The company may be down after the court's ruling that it lacks "competent evidence" in its case against IBM, but analysts and lawyers say it's too early to tell how it will all end up.
At first glance, it appears that The SCO Groups case against IBM for Linux/Unix intellectual property right violations is all but over, after the judge said Tuesday that the court hasnt seen any hard evidence to support SCOs claims.
U.S. District Judge Dale A. Kimball wrote Tuesday, "It is astonishing that SCO has not offered any competent evidence to create a disputed fact regarding whether IBM has infringed SCOs alleged copyrights through IBMs Linux activities."
But analysts and lawyers disagree on whether SCO is down to its last strike.
While Lawrence Rosen, an open-source legal expert and partner in the Ukiah, Calif.-based law firm Rosenlaw & Einschlag,
described the latest developments as being merely "the delay of the inevitable," others dont see it as being such an open-and-shut case.
"Yes, this is very damning," said Thomas Carey, chairman of the business practice group at Boston-based Bromberg & Sunstein LLP.
"Judge Kimball has seen all of the evidence presented to date, and has concluded that there is no there there.
"Unfortunately for IBM,
Judge Kimball leaves open the possibility that intermediate forms of the code found in AIX may present the missing link between Unix and Linux," Carey said.
"Thus, substantial additional discovery will take place. There is plenty of risk left for IBM: the risk that the judge may misinterpret code similarities that should not really amount to infringement; the risk of confusion at trial; the risk that the judge may commit reversible error, causing the whole case to be retried; and the risk that the case may turn on some obscure point of law that is essentially irrelevant to the bona fide nature of Linux," he said.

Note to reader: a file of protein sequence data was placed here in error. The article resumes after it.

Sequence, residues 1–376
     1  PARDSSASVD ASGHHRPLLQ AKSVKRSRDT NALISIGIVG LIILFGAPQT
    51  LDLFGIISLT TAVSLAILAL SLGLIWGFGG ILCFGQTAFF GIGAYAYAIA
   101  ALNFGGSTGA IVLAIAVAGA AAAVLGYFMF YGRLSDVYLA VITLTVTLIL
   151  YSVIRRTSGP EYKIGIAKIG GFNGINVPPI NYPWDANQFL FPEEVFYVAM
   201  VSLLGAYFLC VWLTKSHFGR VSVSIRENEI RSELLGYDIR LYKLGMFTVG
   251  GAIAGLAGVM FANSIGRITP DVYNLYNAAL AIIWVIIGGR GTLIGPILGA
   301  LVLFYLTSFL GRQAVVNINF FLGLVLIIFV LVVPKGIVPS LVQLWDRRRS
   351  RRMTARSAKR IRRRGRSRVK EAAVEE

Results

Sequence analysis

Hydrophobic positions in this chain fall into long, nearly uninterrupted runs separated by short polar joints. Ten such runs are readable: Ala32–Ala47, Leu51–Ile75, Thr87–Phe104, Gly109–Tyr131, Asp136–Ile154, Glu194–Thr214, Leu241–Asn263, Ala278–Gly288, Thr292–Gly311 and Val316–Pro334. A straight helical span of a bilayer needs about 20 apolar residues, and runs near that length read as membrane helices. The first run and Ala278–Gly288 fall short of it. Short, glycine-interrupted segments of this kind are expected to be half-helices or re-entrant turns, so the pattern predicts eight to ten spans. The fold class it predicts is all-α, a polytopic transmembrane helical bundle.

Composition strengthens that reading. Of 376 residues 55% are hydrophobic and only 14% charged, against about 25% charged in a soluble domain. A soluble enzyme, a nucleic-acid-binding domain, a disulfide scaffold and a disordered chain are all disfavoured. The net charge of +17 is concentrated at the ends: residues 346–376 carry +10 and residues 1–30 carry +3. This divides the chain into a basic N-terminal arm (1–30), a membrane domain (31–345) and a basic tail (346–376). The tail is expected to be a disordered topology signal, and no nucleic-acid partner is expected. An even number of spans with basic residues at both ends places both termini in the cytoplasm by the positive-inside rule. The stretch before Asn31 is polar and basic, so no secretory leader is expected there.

Click here to read about a minor win for SCO in the case, when IBM was ordered to turn over the source code of "all versions and changes" of IBMs AIX and Dynix Unix operating systems.
Stacey Quandt, senior business analyst for the Robert Frances Group,
said the judges decision not to dismiss SCOs case at this time reflects his desire to avoid a lengthy appeals process.
"It is clear that the judge wants to avoid an appeal and is hence enabling both IBM and SCO to complete their discovery process," Quandt said. "This means IBMs hope of the judge granting summary judgment, while still possible, will take longer to achieve."
Kelly Talcott, a partner with international law firm Kirkpatrick & Lockhart Nicholson Graham LLP,
said Kimballs statement about a lack of evidence is not the only factor to consider in the case.
"The judge made it clear that he has seen no evidence to date that IBM has infringed any SCO copyright relating to Linux. Given SCOs numerous public statements to the contrary, that is certainly a problem for SCO going forward. But its not the whole story here," Talcott said.
"The judge is now raising the SCO breach-of-contract claim. In fact, SCOs breach-of-contract claim is one of the main roadblocks that Judge Kimball cites as standing in the way of summary judgment in IBMs favor. Given the apparent lack of evidence to date of direct infringement, it may be that SCOs strongest claim turns out to be its breach-of-contract claim," he said.
"A very bold move or surefire suicide."